"sink condition" and dissolution rate

Discussion in 'Pharmacy' started by gablet, 09.17.05.

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  1. gablet

    gablet Senior Member 5+ Year Member

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    SDN Members don't see this ad. About the ads.
    This may seem like a simple question, but it is just not clicking for me. Can someone please explain what the "sink condition" is? What would be a situation where a drug would be immediately absorbed upon dissolution - does it only happen in testing?

    Thanks!
     
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  3. gablet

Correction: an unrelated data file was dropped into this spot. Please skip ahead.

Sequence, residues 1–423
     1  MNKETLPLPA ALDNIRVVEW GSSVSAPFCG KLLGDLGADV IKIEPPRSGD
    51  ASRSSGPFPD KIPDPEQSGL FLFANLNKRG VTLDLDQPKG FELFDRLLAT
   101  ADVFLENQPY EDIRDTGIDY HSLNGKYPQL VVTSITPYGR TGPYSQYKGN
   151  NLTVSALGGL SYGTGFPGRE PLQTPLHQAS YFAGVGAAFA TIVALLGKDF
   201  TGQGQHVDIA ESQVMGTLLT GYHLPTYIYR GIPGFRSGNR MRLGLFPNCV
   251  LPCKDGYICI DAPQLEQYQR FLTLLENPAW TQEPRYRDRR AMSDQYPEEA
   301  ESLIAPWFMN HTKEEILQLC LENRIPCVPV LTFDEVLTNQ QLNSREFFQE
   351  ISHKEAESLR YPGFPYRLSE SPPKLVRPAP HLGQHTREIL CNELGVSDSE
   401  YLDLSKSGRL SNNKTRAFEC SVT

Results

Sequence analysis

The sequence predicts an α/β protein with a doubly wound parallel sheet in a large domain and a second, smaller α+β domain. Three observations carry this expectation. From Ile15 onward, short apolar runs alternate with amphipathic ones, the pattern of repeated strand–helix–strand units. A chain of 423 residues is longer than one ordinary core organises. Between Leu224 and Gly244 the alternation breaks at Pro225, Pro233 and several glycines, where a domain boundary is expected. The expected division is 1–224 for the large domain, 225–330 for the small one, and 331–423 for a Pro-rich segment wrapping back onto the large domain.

gablet Senior Member 5+ Year Member

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    Well, I found it (not that anyone cares :( )

    "Sink condition assures the complete dissolution of the drug. Sink conditions re fer to the excess solubilizing ca p a c i ty of the dissolution medium."
     
  4. pharmaz88

    pharmaz88 7+ Year Member

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    gotta' love 'ceutics. :)
     
  5. jboogie

    jboogie SDN Donor 5+ Year Member

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    My understanding, Gabby is that this is right. It is when the Saturation point is so much lower than the drug entering solution that it is negligible and therefore, you do not need to account for it in the equation. ...Sorry this is too late for the test.... Hope you did well.
     
  6. ngphm7

    ngphm7

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    Sink condition: insignificance accummulation of drug in receptor (i.e. that drug cant reach the receptor chamber, maybe because of removal by blood flow)
     

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